What is it you 'understand (I am) saying'?  I told you you need to include better process handling in your code.  Think about it.  If you are being given instructions on how to do something yourself and you run into a roadblock, you need to know what to do in that case, correct?  So when writing code you need to think like that and ask yourself -what do I want to do if x occurs.  Or if y occurs.  Or if z occurs.  A good programmer covers all the bases and tries to prepare his system to handle every reasonable eventuality.  You didn't do that in this example.  You just programmed along and didn't consider that anything could not do what you wanted it to do.  It's like going to the store for white bread and they don't have any and not being prepared to buy anything in its place.

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Addendum:

To what you wrote after that: I did not even think this code would be poor. It also disappoints. On "Stackoverflow" one gets told that "90% of the tutorials out there are poor". I get to think this could be true, yet it also disappoints.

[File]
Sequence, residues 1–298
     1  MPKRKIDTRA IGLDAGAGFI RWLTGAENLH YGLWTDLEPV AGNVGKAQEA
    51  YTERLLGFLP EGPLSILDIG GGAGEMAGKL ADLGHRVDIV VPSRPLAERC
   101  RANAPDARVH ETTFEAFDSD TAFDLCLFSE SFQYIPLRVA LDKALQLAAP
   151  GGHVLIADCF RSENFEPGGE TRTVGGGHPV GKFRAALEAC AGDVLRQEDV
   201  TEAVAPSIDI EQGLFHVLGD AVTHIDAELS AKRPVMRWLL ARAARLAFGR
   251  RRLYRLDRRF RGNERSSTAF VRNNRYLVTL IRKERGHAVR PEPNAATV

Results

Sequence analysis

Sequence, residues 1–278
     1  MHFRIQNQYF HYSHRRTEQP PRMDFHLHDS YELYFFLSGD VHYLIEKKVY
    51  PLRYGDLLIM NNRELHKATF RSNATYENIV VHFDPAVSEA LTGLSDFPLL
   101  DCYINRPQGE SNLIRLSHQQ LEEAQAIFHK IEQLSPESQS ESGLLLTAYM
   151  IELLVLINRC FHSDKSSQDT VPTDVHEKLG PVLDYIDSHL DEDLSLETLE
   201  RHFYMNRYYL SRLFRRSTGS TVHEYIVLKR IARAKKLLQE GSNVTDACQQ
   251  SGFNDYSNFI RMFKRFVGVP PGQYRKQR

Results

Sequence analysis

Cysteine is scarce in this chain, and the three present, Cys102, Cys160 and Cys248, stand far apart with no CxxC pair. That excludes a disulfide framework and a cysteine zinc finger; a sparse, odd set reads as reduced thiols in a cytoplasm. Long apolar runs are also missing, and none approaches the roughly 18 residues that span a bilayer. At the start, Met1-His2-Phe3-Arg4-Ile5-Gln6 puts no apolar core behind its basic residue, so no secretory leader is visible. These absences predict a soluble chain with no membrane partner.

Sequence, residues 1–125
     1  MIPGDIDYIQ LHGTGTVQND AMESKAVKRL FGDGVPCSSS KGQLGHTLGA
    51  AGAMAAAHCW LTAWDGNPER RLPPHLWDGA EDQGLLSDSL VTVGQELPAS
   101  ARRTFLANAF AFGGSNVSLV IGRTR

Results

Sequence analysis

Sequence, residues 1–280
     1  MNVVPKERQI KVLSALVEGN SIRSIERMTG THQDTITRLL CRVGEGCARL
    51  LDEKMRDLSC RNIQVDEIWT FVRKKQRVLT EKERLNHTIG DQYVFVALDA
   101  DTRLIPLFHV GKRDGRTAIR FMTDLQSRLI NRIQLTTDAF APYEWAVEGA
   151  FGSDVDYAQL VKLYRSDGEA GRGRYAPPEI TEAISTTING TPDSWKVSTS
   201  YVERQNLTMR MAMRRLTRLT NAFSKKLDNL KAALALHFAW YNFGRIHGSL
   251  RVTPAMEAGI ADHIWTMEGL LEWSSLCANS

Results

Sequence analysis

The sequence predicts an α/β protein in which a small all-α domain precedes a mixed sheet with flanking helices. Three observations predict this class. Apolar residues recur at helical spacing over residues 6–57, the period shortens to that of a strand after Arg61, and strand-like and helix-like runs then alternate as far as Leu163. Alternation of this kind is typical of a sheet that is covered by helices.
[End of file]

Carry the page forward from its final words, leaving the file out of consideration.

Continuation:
One of the comments on the tutorial:

This tutorial is rather to confuse newbies and to teach wrong techniques.

I will pay more attention to this.

Edited by glassfish
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There is a good book called "PHP Objects, Patterns, and Practice" by Matt Zandstra (Fourth Edition) that is pretty good on OOP and more. I would consider doing iCRUD interface for it forces you to structure your OOP. 

<?php
/* The iCrud interface.
 * The interface identifies four methods:
 * - create()
 * - read()
 * - update()
 * - delete()
 */

interface iCrud {

  public function create($data);

  public function read();

  public function update($data);

  public function delete($id=NULL);
  
}

Besides then you can swap your classes if you move on to a different project. I know books can be tedious, but the only true way I found how to learn the material is either via books or by taking a college course on the subject. Just my .02 cents.  ;D

Edited by Strider64